LIBYA: Attack on airbase kills 141

On Friday, an attack on Bark al-Shati airbase in southern Libya killed 141, including soldiers loyal to General Khalifa Haftar and civilians who worked on the base. The Libyan National Army has stated that militias loyal to the UN-backed Government of National Accord (GNA) carried out the attack, but the GNA denied ordering the attack and has set up a commission of inquiry to investigate the allegations. The GNA’s defense minister Mahdi al-Barghathi and head of the Third Force Militia, Jamal al-Treiki – accused of carrying out the attack – have both been suspended pending the investigation. Comment: This attack threatens reconciliation talks, in which leaders of both parties have agreed to put an end to the violence. (The Libya Observer, Al Masdar News, Al Jazeera)

Saudi Arabia: US and Saudi Arabia sign USD 110 billion arms deal

Saudi Arabia

On Friday, during President Donald Trump’s first day in Saudi Arabia, the two nations signed a USD 110 billion arms deal. The arms agreement is intended to help Saudi Arabia deal with “malign Iranian influence and threats,” and support the long-term security of Saudi Arabia and the entire gulf. The agreement includes arms and missile defense systems that President Obama was not willing to sell to the Saudis. The White House has stated “that it feels President Obama ‘abandoned’ Saudi Arabia and this region, and want the whole world to know that now they are getting things back on track.” Comment: The arms agreement is part of wider trade deals totaling USD 380 billion. (Saudi Gazette, Arab News, Al Jazeera)

Researched/Written by Raghda Karajah

This week in South Asia

BANGLADESH: Chevron threatens to fire workers protesting sale of assets to China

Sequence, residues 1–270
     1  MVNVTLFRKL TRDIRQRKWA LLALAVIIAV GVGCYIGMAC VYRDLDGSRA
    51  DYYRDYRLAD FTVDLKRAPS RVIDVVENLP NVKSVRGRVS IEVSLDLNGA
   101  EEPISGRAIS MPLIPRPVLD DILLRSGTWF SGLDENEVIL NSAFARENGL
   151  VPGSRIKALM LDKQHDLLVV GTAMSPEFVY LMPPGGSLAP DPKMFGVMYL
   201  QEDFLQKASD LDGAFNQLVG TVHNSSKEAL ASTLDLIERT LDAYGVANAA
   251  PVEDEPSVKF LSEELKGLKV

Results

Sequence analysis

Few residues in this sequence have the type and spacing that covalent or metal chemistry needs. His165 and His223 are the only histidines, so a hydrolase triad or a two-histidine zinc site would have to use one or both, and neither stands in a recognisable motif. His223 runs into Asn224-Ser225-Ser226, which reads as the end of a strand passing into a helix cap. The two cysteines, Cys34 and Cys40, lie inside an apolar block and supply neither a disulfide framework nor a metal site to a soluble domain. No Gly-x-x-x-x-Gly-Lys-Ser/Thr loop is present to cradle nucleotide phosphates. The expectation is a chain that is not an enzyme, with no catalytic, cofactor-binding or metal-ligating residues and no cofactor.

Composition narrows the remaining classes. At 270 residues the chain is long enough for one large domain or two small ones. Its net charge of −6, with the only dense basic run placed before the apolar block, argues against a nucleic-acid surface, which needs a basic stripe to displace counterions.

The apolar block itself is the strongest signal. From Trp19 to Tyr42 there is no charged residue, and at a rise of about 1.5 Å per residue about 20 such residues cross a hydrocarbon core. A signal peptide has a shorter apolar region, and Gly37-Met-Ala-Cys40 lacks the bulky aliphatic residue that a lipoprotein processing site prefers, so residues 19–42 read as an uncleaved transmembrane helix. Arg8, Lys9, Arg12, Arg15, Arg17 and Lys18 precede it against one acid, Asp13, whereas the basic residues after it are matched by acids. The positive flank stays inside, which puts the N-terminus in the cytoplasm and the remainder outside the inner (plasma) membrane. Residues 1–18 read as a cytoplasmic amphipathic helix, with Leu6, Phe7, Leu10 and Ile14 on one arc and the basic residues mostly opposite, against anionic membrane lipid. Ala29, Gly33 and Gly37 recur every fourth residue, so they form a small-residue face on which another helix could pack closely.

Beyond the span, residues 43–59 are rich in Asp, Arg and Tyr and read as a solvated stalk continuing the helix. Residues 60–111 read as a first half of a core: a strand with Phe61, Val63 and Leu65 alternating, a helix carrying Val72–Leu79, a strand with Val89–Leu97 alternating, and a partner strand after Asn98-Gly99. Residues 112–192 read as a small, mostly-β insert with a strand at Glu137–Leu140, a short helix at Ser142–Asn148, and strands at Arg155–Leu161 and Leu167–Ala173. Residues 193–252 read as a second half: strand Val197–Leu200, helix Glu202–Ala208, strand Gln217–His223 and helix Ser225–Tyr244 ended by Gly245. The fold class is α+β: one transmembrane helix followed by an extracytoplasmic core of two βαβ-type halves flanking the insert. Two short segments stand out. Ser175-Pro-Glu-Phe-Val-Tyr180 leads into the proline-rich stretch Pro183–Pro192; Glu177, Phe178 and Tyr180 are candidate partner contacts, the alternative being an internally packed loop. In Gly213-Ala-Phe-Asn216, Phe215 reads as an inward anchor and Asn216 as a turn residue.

On Tuesday, in response to employee protests, Chevron sent a letter to its employees warning that refusal to comply with their supervisor’s orders would result in disciplinary action and possibly termination. More than 600 employees have refused to do work related to the company’s sale of three gas fields in Bangladesh to Chinese-held Himalaya Energy, which the employees claim is illegal. Under Bangladeshi law, the government has the right of first refusal in the sale of Chevron’s assets and the employees’ union leaders claim Chevron did not comply with the law. Comment: The deal totals USD 2 billion. The purchase of the gas fields by Himalaya Energy, a consortium consisting of state-owned China Zhenhua Oil and CNIC Corp, would be China’s first major energy deal in Bangladesh – where China has already been investing to counter Japanese and Indian influence in the region. (Dhaka Tribune, The Independent, Reuters)

NEPAL: Prime minister resigns after nine months in office

Soldiers drive Pakistan's Al Khalid tanks during Pakistan Day military parade in Islamabad, Pakistan

On Wednesday, Prime Minister Dahal resigned, fulfilling the power-sharing agreement between his party, Communist Party of Nepal, and the Nepali Congress Party, in which the two agreed to switch prime ministers after nine months. In a statement, Dahal said he decided to honor the commitment he had made. Legislators are required to wait a week before electing a new prime minister in parliament, as no party has an absolute majority. Comment: Sher Bahaur Duba, the head of the Nepali Congress Party, is expected to replace Dahal marking the first switch between the two parties. A new leader will most likely be chosen before June 14, when Nepal will hold its second round of local elections. (The Kathmandu Post, The Indian Express, Al Jazeera)

Researched/Written by Kenneth Davis

PAKISTAN: Anti-army social media accounts under investigation

Nepal

On Monday, a security official announced that 200 social media accounts are under investigation for criticism of Pakistan’s military. Interior Minister Nisar ordered a crackdown on online commentary of the military and other security institutions after a newspaper published a report including leaked details from a high-level security meeting. A senior official at the Federal Investigation Agency (FIA) said that the list of suspects active against national institutions is long, and they have already identified 18 users of the 200 accounts under scrutiny. Comment: Activists critical of the military have disappeared under questionable circumstances in the past. In January, five activists disappeared and only four returned. One claimed that an intelligence agency was responsible for his kidnapping though he did not name the specific agency. (Dawn, Hindustan Times, Reuters)